© Moon Soyoung
The audience would accept and recognise the piece, each with their own unique personal interpretation. Regrets of the past, expectations for the present, wishes for the future are all contained in the eyes and hands of those who encounter the work.
Conceptual Scenery_ Mediated Memory is in the form of a pagoda. The pagoda is a universal symbol and a form that penetrates the shamanistic-mythological-spiritual period of the human history, especially in Buddhism. The reason why this piece is not known as the pagoda does not limit the universality of the piece to a certain religious context. However, in the context of a Songgwangsa Temple, over one year, it achieves the meaning of being within the doctrine of Buddhism while also existing as a pagoda. The spatial theory of Buddhism, which can be compressed into the Samcheon Daecheonsegye, expands into Socheon Segye (collection of 1,000 worlds), Jungcheon Segye (collection of 1,000 Socheon Segye), and Daechoen Segye (collection of 1,000 Jungcheon Segye). It demonstrates the existence and order of an entity within the infinite expansion of the world.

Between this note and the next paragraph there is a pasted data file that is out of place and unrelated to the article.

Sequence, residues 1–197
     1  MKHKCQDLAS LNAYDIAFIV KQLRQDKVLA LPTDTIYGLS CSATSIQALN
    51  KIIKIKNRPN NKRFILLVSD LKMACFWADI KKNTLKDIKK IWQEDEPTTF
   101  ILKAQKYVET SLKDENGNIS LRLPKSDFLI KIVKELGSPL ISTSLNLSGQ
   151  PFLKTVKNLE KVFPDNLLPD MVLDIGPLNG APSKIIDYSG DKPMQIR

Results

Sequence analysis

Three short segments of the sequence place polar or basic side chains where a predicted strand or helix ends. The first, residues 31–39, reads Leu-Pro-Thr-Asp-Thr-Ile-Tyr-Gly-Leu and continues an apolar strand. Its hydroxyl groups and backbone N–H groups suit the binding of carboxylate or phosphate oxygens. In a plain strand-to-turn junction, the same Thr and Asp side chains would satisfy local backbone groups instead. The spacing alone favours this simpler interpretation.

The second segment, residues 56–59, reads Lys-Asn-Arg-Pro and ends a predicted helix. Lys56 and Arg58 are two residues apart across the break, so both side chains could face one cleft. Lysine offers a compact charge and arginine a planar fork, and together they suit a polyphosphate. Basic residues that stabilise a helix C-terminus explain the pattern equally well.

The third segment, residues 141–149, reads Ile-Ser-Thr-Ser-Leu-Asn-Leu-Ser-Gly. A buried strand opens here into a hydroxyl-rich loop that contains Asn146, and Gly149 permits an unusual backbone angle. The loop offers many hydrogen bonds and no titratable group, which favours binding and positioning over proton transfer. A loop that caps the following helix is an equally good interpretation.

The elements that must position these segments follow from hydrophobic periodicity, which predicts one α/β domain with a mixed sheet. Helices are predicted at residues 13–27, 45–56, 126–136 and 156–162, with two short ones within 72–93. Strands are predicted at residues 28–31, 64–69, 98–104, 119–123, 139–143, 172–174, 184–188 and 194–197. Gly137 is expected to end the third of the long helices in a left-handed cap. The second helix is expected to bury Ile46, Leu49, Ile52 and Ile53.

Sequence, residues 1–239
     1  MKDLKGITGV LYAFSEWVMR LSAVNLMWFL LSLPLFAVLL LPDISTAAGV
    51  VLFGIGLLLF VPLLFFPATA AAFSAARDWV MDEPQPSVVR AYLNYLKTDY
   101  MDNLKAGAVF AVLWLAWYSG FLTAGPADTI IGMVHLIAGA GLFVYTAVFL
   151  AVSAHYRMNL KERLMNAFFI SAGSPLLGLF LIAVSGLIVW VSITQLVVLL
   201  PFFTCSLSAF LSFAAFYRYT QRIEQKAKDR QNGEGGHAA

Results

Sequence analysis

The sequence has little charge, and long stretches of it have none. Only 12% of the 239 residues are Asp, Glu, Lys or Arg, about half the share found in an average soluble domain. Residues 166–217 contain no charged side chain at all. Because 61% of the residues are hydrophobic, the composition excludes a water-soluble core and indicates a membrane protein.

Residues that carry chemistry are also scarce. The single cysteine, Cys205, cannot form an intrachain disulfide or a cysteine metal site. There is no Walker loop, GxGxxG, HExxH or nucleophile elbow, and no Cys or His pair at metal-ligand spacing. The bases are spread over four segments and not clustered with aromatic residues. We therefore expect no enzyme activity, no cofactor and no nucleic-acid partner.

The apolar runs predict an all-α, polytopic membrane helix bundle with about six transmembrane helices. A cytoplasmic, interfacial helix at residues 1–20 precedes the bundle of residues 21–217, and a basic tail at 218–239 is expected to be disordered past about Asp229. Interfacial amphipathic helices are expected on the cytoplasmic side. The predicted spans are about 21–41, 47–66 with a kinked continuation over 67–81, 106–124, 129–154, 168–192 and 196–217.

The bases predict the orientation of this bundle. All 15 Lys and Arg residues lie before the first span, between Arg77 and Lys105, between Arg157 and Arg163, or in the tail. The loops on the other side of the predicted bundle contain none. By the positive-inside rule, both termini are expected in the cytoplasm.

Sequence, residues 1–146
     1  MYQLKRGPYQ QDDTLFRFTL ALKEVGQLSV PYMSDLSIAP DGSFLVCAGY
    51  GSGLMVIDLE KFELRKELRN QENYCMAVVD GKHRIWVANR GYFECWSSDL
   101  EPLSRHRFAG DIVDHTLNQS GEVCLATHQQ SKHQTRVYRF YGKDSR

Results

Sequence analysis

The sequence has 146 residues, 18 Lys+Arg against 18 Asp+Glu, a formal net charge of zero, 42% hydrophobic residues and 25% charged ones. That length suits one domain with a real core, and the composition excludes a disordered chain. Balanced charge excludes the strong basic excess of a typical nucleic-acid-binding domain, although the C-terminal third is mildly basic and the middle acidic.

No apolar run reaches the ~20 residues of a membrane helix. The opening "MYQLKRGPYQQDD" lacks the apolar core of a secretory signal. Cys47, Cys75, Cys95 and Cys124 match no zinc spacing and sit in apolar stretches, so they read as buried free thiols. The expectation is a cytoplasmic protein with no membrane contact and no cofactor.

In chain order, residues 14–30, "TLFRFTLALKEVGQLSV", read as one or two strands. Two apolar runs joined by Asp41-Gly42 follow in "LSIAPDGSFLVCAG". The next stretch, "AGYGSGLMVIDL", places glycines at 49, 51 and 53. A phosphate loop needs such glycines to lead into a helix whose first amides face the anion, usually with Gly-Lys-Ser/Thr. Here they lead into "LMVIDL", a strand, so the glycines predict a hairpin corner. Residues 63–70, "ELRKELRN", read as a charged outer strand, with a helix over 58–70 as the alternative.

The term ‘gwanyum’ (concept) comes from a term in Buddhism, which was later adapted to philosophy and daily lives. It has a meaning to ‘observe Buddha and the truth’. Mediated Memory is the ‘gwanyum’ that has a physical form. The artist explained by comparing the connection and expansion of the physical structure of the piece under the conceptual spatial theory of Buddhism. The formality of the pagoda and the Songgwangsa Temple leads the people into the conceptual scenery.